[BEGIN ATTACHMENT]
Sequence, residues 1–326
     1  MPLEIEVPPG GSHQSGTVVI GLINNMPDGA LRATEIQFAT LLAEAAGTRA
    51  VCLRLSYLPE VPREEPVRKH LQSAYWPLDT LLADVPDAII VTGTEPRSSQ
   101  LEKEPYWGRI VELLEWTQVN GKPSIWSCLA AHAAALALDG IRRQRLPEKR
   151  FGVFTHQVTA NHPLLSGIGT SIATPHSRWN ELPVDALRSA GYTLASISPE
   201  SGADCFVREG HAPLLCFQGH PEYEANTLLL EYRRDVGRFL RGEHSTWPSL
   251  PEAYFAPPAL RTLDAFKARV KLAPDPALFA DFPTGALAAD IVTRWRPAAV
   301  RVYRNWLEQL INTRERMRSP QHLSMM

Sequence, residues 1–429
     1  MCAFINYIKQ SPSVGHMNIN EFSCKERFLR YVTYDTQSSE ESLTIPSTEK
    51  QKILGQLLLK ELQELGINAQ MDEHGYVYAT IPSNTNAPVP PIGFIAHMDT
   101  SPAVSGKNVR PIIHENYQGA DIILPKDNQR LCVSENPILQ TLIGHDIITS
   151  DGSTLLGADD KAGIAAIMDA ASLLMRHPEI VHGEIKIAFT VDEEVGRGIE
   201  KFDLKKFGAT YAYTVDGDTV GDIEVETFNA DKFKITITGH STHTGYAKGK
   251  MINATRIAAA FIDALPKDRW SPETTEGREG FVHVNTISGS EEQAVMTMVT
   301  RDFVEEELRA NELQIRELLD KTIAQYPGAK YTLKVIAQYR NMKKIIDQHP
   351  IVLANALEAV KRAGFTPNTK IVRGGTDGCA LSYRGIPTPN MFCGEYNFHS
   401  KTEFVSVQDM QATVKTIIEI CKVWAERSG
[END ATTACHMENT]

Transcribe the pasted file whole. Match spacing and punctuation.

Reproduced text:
Sequence, residues 1–326
     1  MPLEIEVPPG GSHQSGTVVI GLINNMPDGA LRATEIQFAT LLAEAAGTRA
    51  VCLRLSYLPE VPREEPVRKH LQSAYWPLDT LLADVPDAII VTGTEPRSSQ
   101  LEKEPYWGRI VELLEWTQVN GKPSIWSCLA AHAAALALDG IRRQRLPEKR
   151  FGVFTHQVTA NHPLLSGIGT SIATPHSRWN ELPVDALRSA GYTLASISPE
   201  SGADCFVREG HAPLLCFQGH PEYEANTLLL EYRRDVGRFL RGEHSTWPSL
   251  PEAYFAPPAL RTLDAFKARV KLAPDPALFA DFPTGALAAD IVTRWRPAAV
   301  RVYRNWLEQL INTRERMRSP QHLSMM

Sequence, residues 1–429
     1  MCAFINYIKQ SPSVGHMNIN EFSCKERFLR YVTYDTQSSE ESLTIPSTEK
    51  QKILGQLLLK ELQELGINAQ MDEHGYVYAT IPSNTNAPVP PIGFIAHMDT
   101  SPAVSGKNVR PIIHENYQGA DIILPKDNQR LCVSENPILQ TLIGHDIITS
   151  DGSTLLGADD KAGIAAIMDA ASLLMRHPEI VHGEIKIAFT VDEEVGRGIE
   201  KFDLKKFGAT YAYTVDGDTV GDIEVETFNA DKFKITITGH STHTGYAKGK
   251  MINATRIAAA FIDALPKDRW SPETTEGREG FVHVNTISGS EEQAVMTMVT
   301  RDFVEEELRA NELQIRELLD KTIAQYPGAK YTLKVIAQYR NMKKIIDQHP
   351  IVLANALEAV KRAGFTPNTK IVRGGTDGCA LSYRGIPTPN MFCGEYNFHS
   401  KTEFVSVQDM QATVKTIIEI CKVWAERSG